Mercury exposure has been shown to promote atherosclerosis. The potential harmfulness of mercury in CVD was first observed in the Kuopio Ischemic Heart Disease Risk Factor (KIHD) study, which found almost a direct correlation between levels of mercury in urine and risk associations for heart disease. The Health Professionals follow up study (HPFS) also noted increased heart disease risks with dentists, who have a large occupational exposure to mercury vapor when putting in amalgam fillings. Mercury can bind to and thus form complexes with antioxidants like glutathione, which plays a critical role in regenerating vitamins C and E from their inactivated byproducts. In addition, glutathione-mercury complexes appear to be the primary form in which mercury is transported and eliminated from the body, further decreasing cellular defenses against oxidation.
Additionally mercury has the ability to bind with selenium, forming an insoluble complex which reduces selenium’s antioxidative defenses and promote free radical stress and lipid oxidation (cholesterol plaques) in the human body. This interaction between mercury and selenium may represent the one mechanism through which mercury increases the risk of CVD, for instance, by reducing the bioavailability of selenium or by deactivating the activity of glutathione.
Lead and Heart Disease
Lead toxicity has been shown to promote atherosclerosis by physically binding to various sites of the cardiovascular system directly, inviting oxidation of fatty acid deposits. Chronic lead exposure can also alter fatty acid metabolism, increasing production of LDL cholesterol, decreasing HDL cholesterol and increasing overall oxidative stress in the body leading to the generation of myocardial infarctions (heart attacks). Recent epidemiological studies have reported that low level lead exposure has a graded association also with hypertension (elevated blood pressure) and peripheral artery disease. Lead can cause hypertension by inducing a hormone that creates vasoconstriction (tightening of arteries and veins), and increased hormone production in the kidneys which decreases nitric oxide (a powerful vasodilator i.e., opener of arteries). Lead has also been shown to compete with calcium, such that if the heart muscle intakes lead rather than calcium, the cell becomes increasingly filled with lead which then decreases the ability for calcium to regulate blood pressure.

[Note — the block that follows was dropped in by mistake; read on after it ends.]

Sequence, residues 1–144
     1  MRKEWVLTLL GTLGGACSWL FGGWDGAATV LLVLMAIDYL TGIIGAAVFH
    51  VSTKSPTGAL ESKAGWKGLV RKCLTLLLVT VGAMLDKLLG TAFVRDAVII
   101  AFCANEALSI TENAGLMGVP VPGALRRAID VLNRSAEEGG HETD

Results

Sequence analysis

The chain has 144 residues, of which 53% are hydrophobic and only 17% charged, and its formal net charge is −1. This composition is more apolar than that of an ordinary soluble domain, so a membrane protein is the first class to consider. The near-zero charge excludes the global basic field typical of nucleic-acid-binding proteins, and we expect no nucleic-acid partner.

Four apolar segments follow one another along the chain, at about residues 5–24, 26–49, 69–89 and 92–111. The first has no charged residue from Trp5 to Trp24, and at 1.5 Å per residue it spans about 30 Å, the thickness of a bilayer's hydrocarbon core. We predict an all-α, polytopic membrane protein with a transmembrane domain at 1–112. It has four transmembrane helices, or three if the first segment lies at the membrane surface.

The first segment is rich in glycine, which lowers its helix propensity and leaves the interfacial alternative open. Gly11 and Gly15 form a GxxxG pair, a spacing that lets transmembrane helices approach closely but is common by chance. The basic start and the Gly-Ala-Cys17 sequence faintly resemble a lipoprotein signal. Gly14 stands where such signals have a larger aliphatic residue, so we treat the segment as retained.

Signs and Symptoms Of Heart Disease
Heart disease is often called “The Silent Killer” – mostly because there are no direct symptoms associated with the severity of heart disease (for example you could have 99% blockage in the main artery of your heart – yet feel 100% ok.) But we have identified some signs and symptoms which are labeled “risk factors.” (Something to ponder – all the the risk factors associated are signs and symptoms of heavy metal toxicity – I guess it took science this long to connect the dots!)
Symptoms of Heavy Metal Toxicity / Risk Factors for Heart disease
- Weight loss resistance (ie overweight/obesity)
- Swelling in extremities (ankles)
- Heart burn (acid reflux)
- Brain fog
- Shortness of breath
- Excessive sweating
- Diagnosis of high blood pressure
- Elevated cholesterol ratios (Total/HDL, Total/Triglycerides, LDL/HDL)
- Elevated inflammatory markers (CRP/Homocysteine)
- Elevated blood sugars.
If you have never been tested for heavy metal toxicity – now may be the time – especially if you have any of the above symptoms or diagnoses.